Wednesday, June 5, 2013

Don't Know

I don't know who I am any more; where I belong; what I am doing.

Each day seems normal, but how can that be!?! Why do I still have to work, go grocery shopping, do laundry, when my daughter is dieing!  The only thing I want to do is be with DQ, TRex, and MS and spend time with them; snuggle, laugh, play.  I want to enjoy every minute of DQ's time. How is it conceivable that I'm not with her always, soaking up that love?

And yet, I go to work each day. I make her stop goofing around when it is time to go. She still has to be punished for hitting me when she doesn't get her way.

This dichotomy acts as dull scissors, tearing more than cutting through my core, removing all logic, leaving only the rough ends of emotion behind.  I sometimes check the mirror for evidence of the wounds, certain they beckon to the world in a manner only matched by flashing billboards pointing the way to tourist traps.

And at many points during the day, I get angry at myself for hosting such a billboard, screaming so only I can hear: "She is not dieing today!"

Then I convince myself that DQ is completely fine; that all of this has been a ridiculous nightmare; a mere figment of my own overactive imagination. Maybe I imagined the swelling? Maybe she isn't sick at all. The last surgery worked and I'm crazy!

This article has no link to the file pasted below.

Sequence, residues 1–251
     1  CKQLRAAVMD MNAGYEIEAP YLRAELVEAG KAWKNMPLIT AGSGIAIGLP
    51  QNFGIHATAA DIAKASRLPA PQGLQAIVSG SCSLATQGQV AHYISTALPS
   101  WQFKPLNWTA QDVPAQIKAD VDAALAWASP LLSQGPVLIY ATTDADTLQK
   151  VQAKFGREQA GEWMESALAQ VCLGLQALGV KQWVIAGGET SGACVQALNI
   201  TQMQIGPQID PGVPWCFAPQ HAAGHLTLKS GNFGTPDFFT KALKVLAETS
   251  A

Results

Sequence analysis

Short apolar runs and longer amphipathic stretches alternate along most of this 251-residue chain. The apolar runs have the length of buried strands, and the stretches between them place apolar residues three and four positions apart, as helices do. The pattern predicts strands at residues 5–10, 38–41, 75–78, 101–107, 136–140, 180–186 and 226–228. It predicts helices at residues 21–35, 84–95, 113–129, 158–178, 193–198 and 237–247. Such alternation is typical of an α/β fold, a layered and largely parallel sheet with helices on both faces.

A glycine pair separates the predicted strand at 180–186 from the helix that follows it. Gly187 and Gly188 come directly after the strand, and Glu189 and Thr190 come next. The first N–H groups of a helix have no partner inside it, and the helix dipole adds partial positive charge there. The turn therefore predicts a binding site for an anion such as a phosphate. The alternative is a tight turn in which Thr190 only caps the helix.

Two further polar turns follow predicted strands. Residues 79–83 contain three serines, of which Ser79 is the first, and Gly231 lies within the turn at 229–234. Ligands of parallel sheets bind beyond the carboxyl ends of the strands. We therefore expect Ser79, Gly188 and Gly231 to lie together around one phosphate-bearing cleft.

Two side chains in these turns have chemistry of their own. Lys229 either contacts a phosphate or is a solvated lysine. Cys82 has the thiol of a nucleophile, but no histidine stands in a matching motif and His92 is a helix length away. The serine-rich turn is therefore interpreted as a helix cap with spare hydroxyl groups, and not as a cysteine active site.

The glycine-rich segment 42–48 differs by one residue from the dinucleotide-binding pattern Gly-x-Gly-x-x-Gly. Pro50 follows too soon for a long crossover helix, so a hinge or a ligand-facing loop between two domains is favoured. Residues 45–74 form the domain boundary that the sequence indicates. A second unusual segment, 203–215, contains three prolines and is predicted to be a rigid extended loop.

But what is the truth? I meet with the hospice professionals. They make it all feel so very real and matter of fact. They treat us like the Dancing Queen "belongs" and we "belong".  But is this whole charade my fault? Could I have tricked everyone? Maybe  hospice is not right for us. Did the surgical board feel like DQ wasn't going to live simply based upon my observations? Clearly, I'm unqualified to judge anything. I can't even tell what is real any more!

I just don't know.


Having a child with a CHD is like being given an extra sense---the true ability to appreciate life. Each breath, each hug, each meal is a blessing when you've watched your child live off a ventilator, trapped in an ICU bed, being fed through a tube. Each minute is a miracle when you've watched your child almost die and come back to you.
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